By WendyC (not verified)
February 18, 2010 2:18 PM

interesting... Laura, how do you know that Ryan "skews white". Are there statistics which shows names by race/culture in the US? Or is this an educated guess?

February 18, 2010 2:19 PM

namedaftermygrandmother- I don't know what popped up for you on Nymbler but here are some thoughts I liked after I input your preferences along with some others I thought of:
Blaise; Alexander; Bryce; Ulysses; Phoenix; Hunter; Archer; Tristan; Lucian; Ray as a nn for something; Marshall; Jett; Brighton; Titus; Soren; Uri; Sterling; Adonis; Falcon; Hawk; Raiden; Sylvan/Silvio; Anatole
Do any of those match to what you are looking for?

By John C. (not verified)
February 18, 2010 2:27 PM

I've always been under the impression that the growing popularity of the name Ryan in the '60s and '70s was part of the wave of Irish names (like Sean and Megan) starting to take root, but that it only really blossomed when Ryan O'Neal became famous, first for "Peyton Place" and then for "Love Story." (In 1971, the year after "Love Story" was released, the number of babies named Ryan more than doubled.) So I guess the question is: were parents in the northern U.S. more susceptible to O'Neal's charms? It may be worth noting that both "Peyton Place" and "Love Story" took place in the Northeast.

By Amy3
February 18, 2010 2:33 PM

@namedaftermygrandmother, I really like Kai with Orion's name. In truth the only Kai I know IRL is a girl (probably about 10 yrs old), but the name doesn't read as androgynous to me and certainly not as a "girl" name.

As for Ryans, I knew a fair number growing up (born late 60s, grew up in Oklahoma), and I also knew a couple Jills (per Anne with an E's observation). Maybe Oklahoma represented a "border" area between Ryan popularity in the North and Jill popularity in the South. While I don't know any Jills who are kids today, Ryan is definitely a name I hear around playgrounds and at my daughter's school.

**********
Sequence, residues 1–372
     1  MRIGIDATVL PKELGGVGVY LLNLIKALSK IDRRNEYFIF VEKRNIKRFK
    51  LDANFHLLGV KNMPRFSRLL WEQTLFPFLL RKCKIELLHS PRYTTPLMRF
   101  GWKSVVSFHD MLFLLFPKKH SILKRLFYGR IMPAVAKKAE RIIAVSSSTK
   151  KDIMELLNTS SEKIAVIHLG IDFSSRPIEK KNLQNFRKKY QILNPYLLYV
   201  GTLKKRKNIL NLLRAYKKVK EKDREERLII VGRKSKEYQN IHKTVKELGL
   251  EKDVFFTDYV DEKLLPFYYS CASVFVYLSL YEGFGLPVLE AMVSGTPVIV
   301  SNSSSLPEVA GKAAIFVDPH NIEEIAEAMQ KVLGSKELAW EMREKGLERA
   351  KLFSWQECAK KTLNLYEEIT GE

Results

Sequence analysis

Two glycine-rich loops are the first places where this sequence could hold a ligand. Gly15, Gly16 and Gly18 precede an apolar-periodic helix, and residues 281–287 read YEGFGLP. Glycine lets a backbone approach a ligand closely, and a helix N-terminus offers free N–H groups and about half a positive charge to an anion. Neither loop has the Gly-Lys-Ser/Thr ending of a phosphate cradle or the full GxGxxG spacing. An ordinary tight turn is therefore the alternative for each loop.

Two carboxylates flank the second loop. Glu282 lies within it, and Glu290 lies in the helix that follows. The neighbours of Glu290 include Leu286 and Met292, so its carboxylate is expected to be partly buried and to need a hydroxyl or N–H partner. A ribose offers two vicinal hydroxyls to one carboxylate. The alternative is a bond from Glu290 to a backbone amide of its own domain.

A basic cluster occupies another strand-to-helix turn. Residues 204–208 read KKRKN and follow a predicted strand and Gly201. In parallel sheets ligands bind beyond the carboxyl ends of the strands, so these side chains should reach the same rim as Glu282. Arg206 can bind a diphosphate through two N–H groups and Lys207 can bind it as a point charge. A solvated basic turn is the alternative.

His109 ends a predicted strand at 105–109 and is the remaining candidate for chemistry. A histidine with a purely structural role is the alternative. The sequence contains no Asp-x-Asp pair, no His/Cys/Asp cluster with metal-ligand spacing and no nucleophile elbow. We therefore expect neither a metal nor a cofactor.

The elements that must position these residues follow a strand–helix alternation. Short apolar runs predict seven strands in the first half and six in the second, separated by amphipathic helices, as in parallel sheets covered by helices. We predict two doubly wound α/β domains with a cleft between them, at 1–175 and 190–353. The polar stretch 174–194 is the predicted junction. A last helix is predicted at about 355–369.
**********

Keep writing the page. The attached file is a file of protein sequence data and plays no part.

By John C. (not verified)
February 18, 2010 2:31 PM

Also re Kai: I've never met anyone with this name personally, but I think of it as male because of 1950s jazz musician Kai Winding and current NPR host Kai Ryssdal.

February 18, 2010 2:34 PM

My older son has a Ryan in his class at school and I've met a few around my area in NY, including one female Ryan, so I think the name still gets some use here. The Ryan in my son's class has twin younger brothers (around 3ish) named Collin and Aiden so that family clearly favors popular irish/english names.

namedaftermygrandmother: i like Kai a lot and can see it on a boy more so than a girl. I've never met one IRL though. I'm surprised I've never seen it in my area (which tends to be trendy/hipster-ish). I feel like another nature/mythology name might work well with Orion. Maybe a name like Ash/Asher, Hollis, or Forrest.

By Amy3
February 18, 2010 2:36 PM

Re: Jill, I just checked NameMapper and this name was actually never all that popular in the South. Maybe Anne with an E was living the Ethel Mae Postulate with her Southern Jills!

By Bue
February 18, 2010 2:46 PM

Katie25, I checked the women's roster and only one names repeats - Molly. But there are a lot of names that are similar in sound and feel - Jenny/Julie/Jessie, Karen/Kerry/Kelli. Again, the team is almost 100% New England/Great Lakes.

I wonder why Ryan seems to appeal to northern parents... it is hugely popular all over Canada and has been for decades now. There's only 1 Ryan on our Olympic team, though!

February 18, 2010 2:57 PM

Other interesting Ryan tidbit:

Take a look at Ryan as a girl's name. On the summary map, it appears once, at #85, in 2004, in Kentucky. Anyone want to explain what happened in Kentucky in 2004?

I glanced at the name mapper for Brian and Bryan, and it appears those names/spelling have different (subtle) regional prefrences as well, supporting Laura's reasonings not to combine spellings when ranking names.

namedaftermygrandmother - I too liked many names that were a generation off. My husband and I found that we liked alot of names that peaked in the boomer years. We picked Mark and Timothy in the end, but looking at those BNW graphs, and finding names that aren't super popular right now, but certainly familiar was right for us.

By another amy (not verified)
February 18, 2010 3:00 PM

namedaftermygrandmother--its funny you should bring up Kai b/c I recently met another baby Kai so now I know 2 under 2 in this area (overeducated mid-atlantic college town). I think the first family I knew used it b/c of northern European roots (big sister Anya, possibly spelled Anja). Dunno about the second.

Kai always makes me think of King Arthur (his older foster brother in some texts, or so I seem to remember--I hit 40 this week so maybe my memory is going!)

February 18, 2010 3:16 PM

I dreamt about the board last night! I think I dreamt about reading posts and someone had chosen the name Ever Grace for their daughter. Idk if anyone remembers but I had dreamt the name Linden James several months ago. I don't think these are my taste exactly. They are more my assessment of the general taste of the board.